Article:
What happened then? What did she do? What did I do?
“Sy,” Jessie said. “We talked once about allying with Fray. As peers, not enemies. We don’t have an abundance of allies, and she’s probably the most capable one that qualifies. I’m not saying you should save her, but if you’re going to make a decision, it’ll have to be soon. People are getting up to get their luggage. The Lambs won’t be the last out, either.”
“When we aren’t talking long-term plans, you defer to me a lot,” I said. “You say this is my decision. Don’t you get a say? We’re peers, you twit.”
Jessie turned her binoculars toward Fray.
I continued, “I covered a lot of the key points. She’s not responsible for the plague. She is responsible for primordials. She’s got something else going on, a grander plan. She might be a potential ally, but she told me she identifies as an Academy Doctor. She didn’t say it outright, but I know that she takes substantial pride in the fact that she was nearly a professor and would have qualified if it weren’t for the fact that she knew too much.”
“I don’t think fast in crisis situations,” Jessie said. “It’s why I usually defer. I can trust you to make a call I can understand and mostly agree with, outside of the times and occasions when you’ve lost your mind entirely.”
“One time,” I said.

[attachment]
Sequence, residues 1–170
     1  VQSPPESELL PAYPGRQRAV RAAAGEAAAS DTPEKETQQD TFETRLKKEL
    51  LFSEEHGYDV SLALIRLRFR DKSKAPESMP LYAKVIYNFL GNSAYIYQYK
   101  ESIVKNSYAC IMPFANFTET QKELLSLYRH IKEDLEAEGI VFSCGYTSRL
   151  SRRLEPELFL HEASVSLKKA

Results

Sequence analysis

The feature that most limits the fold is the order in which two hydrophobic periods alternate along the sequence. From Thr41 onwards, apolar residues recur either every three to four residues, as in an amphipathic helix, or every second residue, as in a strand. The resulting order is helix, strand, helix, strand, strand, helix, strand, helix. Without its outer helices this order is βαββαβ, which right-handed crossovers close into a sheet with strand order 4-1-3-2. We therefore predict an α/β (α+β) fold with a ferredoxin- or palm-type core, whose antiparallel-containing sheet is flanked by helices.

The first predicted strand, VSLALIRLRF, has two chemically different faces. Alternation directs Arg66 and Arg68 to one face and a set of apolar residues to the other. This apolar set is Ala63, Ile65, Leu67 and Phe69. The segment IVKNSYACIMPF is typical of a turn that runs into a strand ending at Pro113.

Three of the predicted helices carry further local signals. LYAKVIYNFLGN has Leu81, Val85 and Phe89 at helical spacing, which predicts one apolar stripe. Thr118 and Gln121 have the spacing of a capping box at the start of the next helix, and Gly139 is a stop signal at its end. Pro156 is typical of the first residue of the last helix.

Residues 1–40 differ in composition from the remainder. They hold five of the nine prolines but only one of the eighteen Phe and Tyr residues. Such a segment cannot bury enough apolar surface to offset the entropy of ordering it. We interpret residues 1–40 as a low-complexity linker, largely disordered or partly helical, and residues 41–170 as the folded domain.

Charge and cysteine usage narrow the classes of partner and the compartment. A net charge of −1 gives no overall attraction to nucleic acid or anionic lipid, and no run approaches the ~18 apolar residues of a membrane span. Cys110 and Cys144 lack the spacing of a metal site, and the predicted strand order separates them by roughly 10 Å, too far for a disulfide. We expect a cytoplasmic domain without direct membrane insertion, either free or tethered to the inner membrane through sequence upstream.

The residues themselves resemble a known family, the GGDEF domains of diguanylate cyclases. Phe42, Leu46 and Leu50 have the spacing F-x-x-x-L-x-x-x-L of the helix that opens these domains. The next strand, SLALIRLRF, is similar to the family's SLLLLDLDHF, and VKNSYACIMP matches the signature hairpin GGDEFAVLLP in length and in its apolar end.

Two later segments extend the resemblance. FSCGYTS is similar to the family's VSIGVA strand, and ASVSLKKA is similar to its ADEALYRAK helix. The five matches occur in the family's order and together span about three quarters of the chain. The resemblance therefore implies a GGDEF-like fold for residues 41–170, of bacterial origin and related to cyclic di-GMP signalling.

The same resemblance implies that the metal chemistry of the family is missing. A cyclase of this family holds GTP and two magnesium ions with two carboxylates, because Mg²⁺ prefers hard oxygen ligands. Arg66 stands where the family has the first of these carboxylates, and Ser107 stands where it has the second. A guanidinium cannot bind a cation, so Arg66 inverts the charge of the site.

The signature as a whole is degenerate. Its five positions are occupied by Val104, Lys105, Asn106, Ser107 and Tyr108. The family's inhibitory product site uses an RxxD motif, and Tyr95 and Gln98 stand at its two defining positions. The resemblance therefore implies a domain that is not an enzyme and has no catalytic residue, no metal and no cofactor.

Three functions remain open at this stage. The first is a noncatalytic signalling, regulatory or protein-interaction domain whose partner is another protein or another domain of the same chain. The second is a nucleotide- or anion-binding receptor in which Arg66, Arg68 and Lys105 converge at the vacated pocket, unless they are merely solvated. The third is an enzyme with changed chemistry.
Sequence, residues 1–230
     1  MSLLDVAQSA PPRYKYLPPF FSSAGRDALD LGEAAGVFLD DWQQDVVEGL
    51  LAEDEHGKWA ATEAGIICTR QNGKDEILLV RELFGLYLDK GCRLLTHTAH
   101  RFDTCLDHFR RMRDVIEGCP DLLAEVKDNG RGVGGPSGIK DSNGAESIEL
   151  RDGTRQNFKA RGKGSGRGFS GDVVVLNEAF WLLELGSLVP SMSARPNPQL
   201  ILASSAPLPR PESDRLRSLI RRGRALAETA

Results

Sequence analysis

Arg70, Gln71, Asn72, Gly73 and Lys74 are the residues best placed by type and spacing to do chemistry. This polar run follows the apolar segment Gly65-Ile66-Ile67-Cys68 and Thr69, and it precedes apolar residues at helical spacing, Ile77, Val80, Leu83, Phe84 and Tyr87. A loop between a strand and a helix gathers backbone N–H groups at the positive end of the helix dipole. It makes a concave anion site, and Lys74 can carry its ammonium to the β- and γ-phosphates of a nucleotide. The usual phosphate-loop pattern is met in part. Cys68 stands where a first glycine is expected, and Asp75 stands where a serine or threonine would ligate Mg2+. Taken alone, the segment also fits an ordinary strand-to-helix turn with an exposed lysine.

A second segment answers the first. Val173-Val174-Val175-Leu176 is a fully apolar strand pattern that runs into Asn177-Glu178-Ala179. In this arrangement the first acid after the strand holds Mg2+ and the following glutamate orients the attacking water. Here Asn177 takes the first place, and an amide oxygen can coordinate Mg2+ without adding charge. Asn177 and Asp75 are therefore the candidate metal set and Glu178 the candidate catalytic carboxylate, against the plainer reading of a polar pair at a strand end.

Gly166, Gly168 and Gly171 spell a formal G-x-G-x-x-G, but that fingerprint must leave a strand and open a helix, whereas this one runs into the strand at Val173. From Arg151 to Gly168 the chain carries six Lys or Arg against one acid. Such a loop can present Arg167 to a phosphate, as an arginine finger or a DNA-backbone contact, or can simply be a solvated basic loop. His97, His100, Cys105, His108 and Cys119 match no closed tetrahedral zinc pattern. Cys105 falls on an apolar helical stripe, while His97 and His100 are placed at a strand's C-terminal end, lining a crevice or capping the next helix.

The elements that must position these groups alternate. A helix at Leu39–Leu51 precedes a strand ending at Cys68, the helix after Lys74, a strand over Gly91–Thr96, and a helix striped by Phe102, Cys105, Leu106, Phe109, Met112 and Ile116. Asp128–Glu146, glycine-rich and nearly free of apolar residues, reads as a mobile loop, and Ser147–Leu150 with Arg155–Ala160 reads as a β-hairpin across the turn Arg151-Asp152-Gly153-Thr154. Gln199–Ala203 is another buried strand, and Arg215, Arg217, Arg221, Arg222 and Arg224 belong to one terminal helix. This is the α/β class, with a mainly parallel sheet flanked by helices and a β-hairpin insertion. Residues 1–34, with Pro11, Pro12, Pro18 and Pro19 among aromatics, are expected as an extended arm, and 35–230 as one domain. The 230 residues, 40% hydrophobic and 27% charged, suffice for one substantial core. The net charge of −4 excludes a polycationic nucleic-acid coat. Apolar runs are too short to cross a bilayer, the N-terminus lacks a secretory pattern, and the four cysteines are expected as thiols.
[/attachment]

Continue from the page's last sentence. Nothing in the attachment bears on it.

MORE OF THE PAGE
“I help set the broad strokes for the next stage of things. I coordinate and counsel.”
“Well quit it. Tell me, what do we do about Fray? I’m not asking you to make the decision, but you get half of the say.”
“What happens in the event of a tie?” Jessie asked.
The quarantine team stepped off of the train. They signaled the all-clear, and the first passengers made their way down the steps carefully, lest the weight and awkwardness of their luggage pull them off balance.
“We should get rid of her,” Jessie said. “She’s inscrutable, and she’s inscrutable to the both of us. She keeps escalating. She’s a danger to us and a danger to the Lambs, and she’s a danger we can’t properly solve.”
I listened to Jessie while I watched Fray with my binoculars. Fray shifted her weight again.
“The problem is,” Jessie told me, “She has answers we don’t. She opens doors. There’s going to come a time when we need to know something, and Genevieve Fray might be the only proper resource we have. More than any other factor, that might be key. You said she feels a measure of guilt, and that has to count for something. Room for something better, like you saw in Lillian.”
“Nothing like what I saw in Lillian,” I said. I turned my attention to the window. I only caught the briefest glimpse of Lillian before she was too far forward in the car to see. She would be amid the luggage racks, possibly with the conductor or another employee helping her with her medical bag and luggage.
“A chance that Academy science might be used for sincere good?” Jessie asked.
“I wonder,” I said. “And I have a hard time visualizing a scene where her greater plan unfolds, and I say yes, those primordials, those sterilized people, that chemical leash, the casualties, the wars, they were all worth it, Fray was undeniably a force for good in the world.”